Deviled crab

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Deviled crab from historic Ybor City, Tampa

Deviled crab (croqueta de jaiba in Spanish) is a crab meat croquette. The crab meat is slowly sauteed with seasonings, breaded (traditionally with stale Cuban bread), rolled into the approximate shape of a rugby football or a small potato, and deep fried.[1]

Deviled crab was originated in Tampa, Florida where it was established by the Spanish, Cuban and Italian immigrant community of Ybor City. The dish is traditionally made with blue crab. The seasoning uses a unique Cuban-style enchilada / sofrito sauce (locally known as "chilau")[2] whose spiciness lends the "devil'" moniker to the dish's English name. Deviled crab is meant to be eaten with one hand. It was developed during a cigar workers strike in the 1920s and is still popular in the Tampa area.

Deviled crabs are somewhat similar to boardwalk-style Maryland crab cakes. Differences include the oblong shape, the seasonings used, and the preferred method of eating (by hand). Since deviled crabs were designed to be held in one hand when eaten, they are packed together more densely than a crab cake so as to not come apart when bitten.[2]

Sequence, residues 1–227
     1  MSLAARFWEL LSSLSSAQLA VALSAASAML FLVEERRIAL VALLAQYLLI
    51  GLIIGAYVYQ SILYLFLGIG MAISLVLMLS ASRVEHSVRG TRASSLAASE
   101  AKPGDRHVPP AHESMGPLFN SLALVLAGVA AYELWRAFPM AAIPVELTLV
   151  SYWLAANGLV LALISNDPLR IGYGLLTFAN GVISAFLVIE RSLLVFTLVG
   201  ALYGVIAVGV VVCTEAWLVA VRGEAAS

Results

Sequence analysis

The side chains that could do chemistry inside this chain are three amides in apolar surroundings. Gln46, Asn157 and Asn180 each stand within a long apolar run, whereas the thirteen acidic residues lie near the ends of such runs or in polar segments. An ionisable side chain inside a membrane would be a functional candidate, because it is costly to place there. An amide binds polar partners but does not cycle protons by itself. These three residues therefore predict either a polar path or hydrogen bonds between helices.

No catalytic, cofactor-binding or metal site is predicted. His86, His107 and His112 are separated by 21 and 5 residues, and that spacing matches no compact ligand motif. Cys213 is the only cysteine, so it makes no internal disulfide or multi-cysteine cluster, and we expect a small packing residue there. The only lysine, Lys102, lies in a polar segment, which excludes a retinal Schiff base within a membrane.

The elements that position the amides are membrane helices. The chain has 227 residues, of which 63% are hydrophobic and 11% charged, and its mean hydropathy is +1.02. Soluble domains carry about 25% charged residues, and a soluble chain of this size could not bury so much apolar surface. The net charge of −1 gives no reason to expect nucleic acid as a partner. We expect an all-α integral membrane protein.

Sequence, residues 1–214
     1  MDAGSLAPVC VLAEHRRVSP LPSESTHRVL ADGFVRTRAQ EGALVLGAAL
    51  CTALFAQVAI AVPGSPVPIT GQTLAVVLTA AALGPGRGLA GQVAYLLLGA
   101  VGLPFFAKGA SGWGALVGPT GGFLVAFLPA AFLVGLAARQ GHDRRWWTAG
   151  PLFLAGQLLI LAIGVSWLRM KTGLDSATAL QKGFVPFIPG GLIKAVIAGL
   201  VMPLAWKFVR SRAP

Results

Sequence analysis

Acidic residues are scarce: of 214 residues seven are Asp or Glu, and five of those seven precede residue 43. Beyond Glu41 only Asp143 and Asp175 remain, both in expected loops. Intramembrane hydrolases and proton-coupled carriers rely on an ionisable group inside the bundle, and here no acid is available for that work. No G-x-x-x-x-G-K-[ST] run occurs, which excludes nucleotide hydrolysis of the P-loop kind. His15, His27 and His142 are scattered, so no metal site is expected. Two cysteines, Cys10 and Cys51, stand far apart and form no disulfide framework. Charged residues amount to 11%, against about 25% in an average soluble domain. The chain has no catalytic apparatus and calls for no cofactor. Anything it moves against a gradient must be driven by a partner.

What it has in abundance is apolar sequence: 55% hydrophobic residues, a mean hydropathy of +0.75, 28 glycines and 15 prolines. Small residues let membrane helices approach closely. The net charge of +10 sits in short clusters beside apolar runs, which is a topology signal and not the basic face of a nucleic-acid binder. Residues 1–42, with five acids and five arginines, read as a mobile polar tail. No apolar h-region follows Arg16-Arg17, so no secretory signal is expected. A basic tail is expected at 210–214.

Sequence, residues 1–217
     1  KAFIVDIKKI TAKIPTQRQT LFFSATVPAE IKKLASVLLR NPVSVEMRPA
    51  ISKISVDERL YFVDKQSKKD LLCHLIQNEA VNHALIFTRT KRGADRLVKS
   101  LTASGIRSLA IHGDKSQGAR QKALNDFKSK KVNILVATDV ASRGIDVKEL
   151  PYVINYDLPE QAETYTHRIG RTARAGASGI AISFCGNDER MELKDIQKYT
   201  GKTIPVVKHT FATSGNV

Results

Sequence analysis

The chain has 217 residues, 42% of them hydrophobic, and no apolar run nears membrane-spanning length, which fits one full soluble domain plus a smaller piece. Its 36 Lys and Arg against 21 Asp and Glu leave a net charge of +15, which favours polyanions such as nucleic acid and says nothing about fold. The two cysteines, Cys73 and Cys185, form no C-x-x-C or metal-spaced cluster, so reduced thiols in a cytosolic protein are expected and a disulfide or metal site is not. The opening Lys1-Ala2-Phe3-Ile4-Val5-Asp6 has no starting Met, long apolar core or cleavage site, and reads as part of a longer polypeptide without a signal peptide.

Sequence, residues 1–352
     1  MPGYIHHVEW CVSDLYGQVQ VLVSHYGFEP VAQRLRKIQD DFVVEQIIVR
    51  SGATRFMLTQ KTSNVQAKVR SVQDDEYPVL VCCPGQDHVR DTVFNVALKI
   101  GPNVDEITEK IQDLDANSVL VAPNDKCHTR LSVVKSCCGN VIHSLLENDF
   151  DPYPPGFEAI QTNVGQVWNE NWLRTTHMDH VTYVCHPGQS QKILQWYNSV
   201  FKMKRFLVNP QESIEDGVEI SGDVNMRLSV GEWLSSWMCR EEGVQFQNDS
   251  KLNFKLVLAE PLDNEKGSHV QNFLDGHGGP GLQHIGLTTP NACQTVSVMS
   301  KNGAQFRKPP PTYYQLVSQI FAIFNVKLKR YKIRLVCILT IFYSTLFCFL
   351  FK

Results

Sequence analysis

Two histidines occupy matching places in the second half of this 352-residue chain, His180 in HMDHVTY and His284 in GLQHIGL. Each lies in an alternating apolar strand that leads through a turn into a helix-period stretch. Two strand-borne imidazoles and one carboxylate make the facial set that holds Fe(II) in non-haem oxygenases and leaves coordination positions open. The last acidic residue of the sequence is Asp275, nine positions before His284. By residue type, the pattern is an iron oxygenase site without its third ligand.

History[edit]

Deviled crabs originated in the Spanish/Cuban/Italian immigrant community of Ybor City, Tampa, Florida during a late-1920s strike in the area's cigar factories.[3] Since blue crabs were plentiful in the nearby waters of Tampa Bay and Cuban bread was cheap, these staples became important food sources for the striking workers. Local entrepreneurs combined these ingredients and began selling the instantly popular croquetas from pushcarts and bicycles along Tampa sidewalks.[4][5]

Some claim that early deviled crab recipes contained more chili pepper, making them much spicier than the modern variety.[2] As the croqueta's spiciness was toned down to account for a wider range of tastes, various pepper sauces became a common condiment utilized by those who liked their deviled crabs hot.[6]

Deviled crabs are still popular in the Tampa Bay area, especially in lunch cafes and restaurants that serve Cuban and/or Spanish cuisine in Ybor City and West Tampa.[5][7]

Other versions[edit]

Up the U.S. Atlantic coast from Georgia to the Chesapeake Bay region, "deviled crab" refers to a different dish entirely. In this version, crab meat (usually blue crab) is taken out of the shell, mixed and cooked with bread crumbs and spices with a consistency similar to loose crab cake, and then returned to a halved crab shell to be served.[8]

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